Java in danger of Oracle stranglehold
The CEO of CloudBees has warned that Oracle has a stranglehold over the Java community which it believes will do its bidding.
Sacha Labourey, who was also the former CTO said that Oracle's quest for a legal stranglehold on the Java API has nothing to do with compatibility and everything to do with cashing in on Java at the expense of the community.
Writing in Techcrunch, Labourey said that this was becoming more important as the IT industry shifts from packaged software to a cloud-based service model.
Companies are increasingly investing in SaaS, PaaS and IaaS and their operations will depend on third-party APIs. Oracle's attempts to add FUD over the legal standing of API usage in the meantime is going to place a drag on the industry.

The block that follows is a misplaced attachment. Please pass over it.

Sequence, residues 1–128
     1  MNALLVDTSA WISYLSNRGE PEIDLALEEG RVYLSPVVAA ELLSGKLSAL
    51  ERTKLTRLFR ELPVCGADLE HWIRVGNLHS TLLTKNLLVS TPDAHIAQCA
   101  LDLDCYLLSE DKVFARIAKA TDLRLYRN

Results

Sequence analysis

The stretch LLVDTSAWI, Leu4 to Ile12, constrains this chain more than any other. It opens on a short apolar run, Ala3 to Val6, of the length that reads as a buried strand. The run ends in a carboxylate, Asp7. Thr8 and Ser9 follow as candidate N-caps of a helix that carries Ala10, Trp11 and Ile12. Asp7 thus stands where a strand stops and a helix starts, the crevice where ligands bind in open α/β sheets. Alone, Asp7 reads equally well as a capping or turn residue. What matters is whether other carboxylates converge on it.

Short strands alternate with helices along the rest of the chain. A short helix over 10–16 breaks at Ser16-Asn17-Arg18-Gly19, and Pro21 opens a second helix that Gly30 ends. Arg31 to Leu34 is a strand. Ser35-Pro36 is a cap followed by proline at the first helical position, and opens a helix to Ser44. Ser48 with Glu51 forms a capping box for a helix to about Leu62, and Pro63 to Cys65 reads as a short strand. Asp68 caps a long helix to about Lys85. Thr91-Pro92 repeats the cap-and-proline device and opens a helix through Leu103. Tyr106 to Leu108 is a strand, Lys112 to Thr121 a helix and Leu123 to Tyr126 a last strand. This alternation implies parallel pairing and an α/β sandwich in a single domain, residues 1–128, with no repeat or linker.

Oracle lost its case when it took its strategy to court. A well informed Judge Alsop ruled that third-party APIs were not something that could be patented. However Oracle is appealing. Not only are their fears that Oracle might win, but also that the fact it believes this could stuff up the whole Java development process.
Labourey said it is time to decide who should hold the knife by the handle.
The economy will thrive and be more competitive because companies can easily switch from one service provider to the other by leveraging identical APIs, he said.
However if Oracle gets its way, it could be throttled by allowing vendors to inhibit competition through API lock-in.
Any ruling in favour of Oracle's philosophy will only help a handful of legacy software vendors who want to protect their franchises for a few more years, Laboury added.
What is being decided at the moment will impact software companies for decades as it will apply to the cloud.
What worries Labourey is that the decision is being made now amid heavy lobbying by legacy vendors who are struggling to survive in this whirlwind of change.